One reason we have been cautious around adopting a wider tire is the presumption that more rubber means more resistance and therefore slower speeds and harder work for the rider. How many of us squeeze 120psi into narrow 23mm tires before every ride in an effort to extract as much performance as possible? We’ve become convinced that a tire that feels as hard as solid rubber is the only way to go. I was told by an old school professional cyclist to flick my tires – when it sounded like a metallic ‘twang’ the pressure was high enough – this was typically at way over 100psi.

It may seem counter intuitive, but in recent tests it was found that bigger volume, wider tires actually have less resistance than their thinner, higher pressure counterparts. This was even true at the lower air pressures which these tires are able to handle. In other words they are faster even with less pressure!


The mountain biking world has been onto lower-pressure-equals-more-grip-and-control for years now. This came about with the advent of tubeless tire systems and crazy low pressures, but the results spoke for themselves. Massive amounts of grip were made available and the riders just kept getting faster!

NOTE:  Tubeless tire systems are already available for road bikes as well. The tire seals to the airtight rim, usually with the assistance of a sealant that heals any breaches or potential punctures. This technology works almost flawlessly on mountain bikes and is worth checking out. The downside is that it requires a specific type of tubeless compatible wheel rim so could be an expensive option.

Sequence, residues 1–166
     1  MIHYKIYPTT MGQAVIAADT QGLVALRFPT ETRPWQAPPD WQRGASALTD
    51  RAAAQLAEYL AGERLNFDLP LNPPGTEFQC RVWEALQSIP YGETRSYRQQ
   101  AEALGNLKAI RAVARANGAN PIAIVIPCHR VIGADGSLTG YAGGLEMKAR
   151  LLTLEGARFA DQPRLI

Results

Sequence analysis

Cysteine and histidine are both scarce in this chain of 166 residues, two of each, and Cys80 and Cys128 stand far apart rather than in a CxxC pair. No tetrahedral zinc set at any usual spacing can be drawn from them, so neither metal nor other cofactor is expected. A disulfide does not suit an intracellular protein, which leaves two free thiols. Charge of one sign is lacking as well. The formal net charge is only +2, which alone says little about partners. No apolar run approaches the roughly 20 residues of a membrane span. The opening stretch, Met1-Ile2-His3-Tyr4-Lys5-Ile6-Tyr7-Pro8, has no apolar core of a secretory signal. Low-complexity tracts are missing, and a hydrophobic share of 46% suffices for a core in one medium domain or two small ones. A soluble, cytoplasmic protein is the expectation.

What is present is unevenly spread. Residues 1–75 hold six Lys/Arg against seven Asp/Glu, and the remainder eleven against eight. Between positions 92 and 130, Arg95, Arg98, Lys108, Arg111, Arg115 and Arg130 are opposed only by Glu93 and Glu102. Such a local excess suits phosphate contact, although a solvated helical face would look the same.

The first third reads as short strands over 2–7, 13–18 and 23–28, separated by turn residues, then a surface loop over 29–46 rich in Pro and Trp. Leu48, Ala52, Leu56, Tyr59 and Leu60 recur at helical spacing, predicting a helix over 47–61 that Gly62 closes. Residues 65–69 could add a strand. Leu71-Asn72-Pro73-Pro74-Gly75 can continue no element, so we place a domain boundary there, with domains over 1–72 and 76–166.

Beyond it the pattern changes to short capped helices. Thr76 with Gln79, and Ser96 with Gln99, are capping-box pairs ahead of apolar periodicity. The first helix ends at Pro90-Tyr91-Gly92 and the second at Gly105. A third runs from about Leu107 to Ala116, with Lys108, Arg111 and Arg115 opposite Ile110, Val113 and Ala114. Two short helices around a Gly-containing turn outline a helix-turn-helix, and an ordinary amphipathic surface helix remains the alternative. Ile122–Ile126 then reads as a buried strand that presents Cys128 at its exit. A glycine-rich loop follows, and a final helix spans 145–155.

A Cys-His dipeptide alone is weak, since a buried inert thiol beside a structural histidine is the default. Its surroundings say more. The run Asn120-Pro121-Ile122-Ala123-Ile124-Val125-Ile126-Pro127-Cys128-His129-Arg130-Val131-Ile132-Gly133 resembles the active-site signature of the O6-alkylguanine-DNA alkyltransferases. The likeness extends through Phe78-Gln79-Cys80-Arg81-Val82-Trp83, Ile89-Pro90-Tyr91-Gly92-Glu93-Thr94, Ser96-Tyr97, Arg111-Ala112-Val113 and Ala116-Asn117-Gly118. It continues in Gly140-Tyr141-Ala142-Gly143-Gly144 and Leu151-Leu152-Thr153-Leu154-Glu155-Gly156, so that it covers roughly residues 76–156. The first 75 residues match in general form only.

It is the same for wider road tires. Bigger casing means a larger contact patch. Drop the tire pressure a bit and that contact patch just became even bigger. Lower tire pressure also allows the casing to deform when cornering aggressively – the tire can grip to irregularities and variations in the road surface more effectively, allowing you to lay it down in a corner with less chance of dropping the bike. The direct result is greater confidence when cornering and more control overall.


The professionals have been moving towards wider aerodynamic rims anyway, so it seems natural to fit these wheels with wider tires. I don’t have any figures to discuss, but the advantages/disadvantages of tire related aerodynamics is probably negligible for the average cyclist.

What do I do? 


If you are riding an older bike, the first step would be to check that you have room in the frame to accommodate wider tires. Swapping from 23 to 25mm shouldn’t be too much of an issue, but your best bet is to go to the local bike shop and check it out before ordering. If you want to go wider again to a 28mm beast, then definitely check frame clearance. Some new bikes, particularly the later endurance types, are designed to take very wide tires, but try before you buy.

How much air you put into your new rubber is a personal choice and depends on the tire, rider weight, environmental conditions (like rain!), and riding style. I would recommend following the tire sidewall recommendations, (i.e. don’t go above or below the rating) and then play around until you find the best balance of comfort, handling, and importantly, puncture resistance.

Tubeless tires can run down to around 80 psi which is low for a road tire and would typically result in a puncture or pinch flat!

Whatever you choose, upgrading to a wide road tire has enormous benefits. You would be crazy not to give it a go!